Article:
Before he cut to his first commercial break of the night on Thursday, Fox News host Bill O'Reilly teased a series of segments that would come, he said, "after these messages." But after only a one minute-long ad, O'Reilly was back on the screen.
The lone commercial to air during that break -- from the life insurance company Coventry Direct -- was one of only seven spots to run during Thursday's edition of "The O'Reilly Factor," providing tangible evidence that a widening advertising boycott against the top-rated program has taken effect.
Nearly 60 companies have dropped ads on the "Factor." This follows a New York Times report last week revealing that O'Reilly and his employer had reached settlements totaling $13 million with five different women who accused the host of sexual harassment and inappropriate behavior.
Major brands such as Mercedes-Benz, Allstate, Advil and Lexus have all withdrawn from the show -- leaving the program's commercial breaks stacked entirely with spots from obscure, less glamorous companies.
Thursday's edition of the "Factor" included ads from Coventry and the Life Credit Company, which provides financial assistance to cancer patients. Sponsors like that are typical across cable news, a reflection of an audience that skews older.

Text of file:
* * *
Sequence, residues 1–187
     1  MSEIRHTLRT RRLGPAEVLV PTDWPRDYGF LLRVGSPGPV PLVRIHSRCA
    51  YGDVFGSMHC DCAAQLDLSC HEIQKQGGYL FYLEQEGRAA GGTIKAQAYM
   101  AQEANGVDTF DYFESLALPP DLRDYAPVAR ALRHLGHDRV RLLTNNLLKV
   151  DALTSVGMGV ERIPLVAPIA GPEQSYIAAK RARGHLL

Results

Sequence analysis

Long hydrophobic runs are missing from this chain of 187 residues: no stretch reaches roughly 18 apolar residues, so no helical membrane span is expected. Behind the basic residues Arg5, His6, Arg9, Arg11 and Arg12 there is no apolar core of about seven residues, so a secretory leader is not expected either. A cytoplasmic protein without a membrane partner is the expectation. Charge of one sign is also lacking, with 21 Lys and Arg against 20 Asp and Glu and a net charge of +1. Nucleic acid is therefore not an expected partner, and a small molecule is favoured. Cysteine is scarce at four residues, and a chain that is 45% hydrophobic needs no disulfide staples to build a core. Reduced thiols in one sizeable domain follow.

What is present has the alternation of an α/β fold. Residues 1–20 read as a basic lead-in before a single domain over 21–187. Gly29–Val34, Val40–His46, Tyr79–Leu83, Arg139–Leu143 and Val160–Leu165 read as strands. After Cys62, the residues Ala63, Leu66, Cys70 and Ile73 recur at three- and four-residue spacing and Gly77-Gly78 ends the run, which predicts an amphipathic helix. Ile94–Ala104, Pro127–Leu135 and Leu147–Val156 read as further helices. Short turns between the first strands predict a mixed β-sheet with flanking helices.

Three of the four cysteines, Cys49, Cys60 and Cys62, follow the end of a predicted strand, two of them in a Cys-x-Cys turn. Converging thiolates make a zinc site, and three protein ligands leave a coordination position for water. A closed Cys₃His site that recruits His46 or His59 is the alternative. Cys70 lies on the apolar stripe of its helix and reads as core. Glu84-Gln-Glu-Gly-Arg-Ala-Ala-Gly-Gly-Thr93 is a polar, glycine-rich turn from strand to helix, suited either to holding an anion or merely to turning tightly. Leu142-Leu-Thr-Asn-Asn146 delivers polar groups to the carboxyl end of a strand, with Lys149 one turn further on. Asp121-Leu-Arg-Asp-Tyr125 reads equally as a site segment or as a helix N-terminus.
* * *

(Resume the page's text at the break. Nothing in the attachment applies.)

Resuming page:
But O'Reilly, in a testament to his ratings dominance, has long been a magnet for premium advertisers. "The Factor" generated more than $178 million in ad revenue in 2015, according to Kantar Media.
"He's really a holy grail for advertisers," said one on-air personality at a rival network.
But not this week. Day by day, the number of companies to distance themselves from O'Reilly has ballooned. Meanwhile, the number of ads to run on the "Factor" has steadily declined.
The ad count on Thursday would have been higher if not for a breaking news alert on U.S. military action in Syria that aired during the final 15 minutes of the program. But the impact of the boycott already came into focus on Wednesday, when only 22 commercials ran during the "Factor." (The hour-long show typically runs as many as 40 different ads.)
A Fox News spokeswoman did not respond to a request for comment. Paul Rittenberg, the network's executive vice president of advertising sales, said earlier this week that the ad buys of the clients to raise concerns about "The O'Reilly Factor" "have been re-expressed into other FNC programs."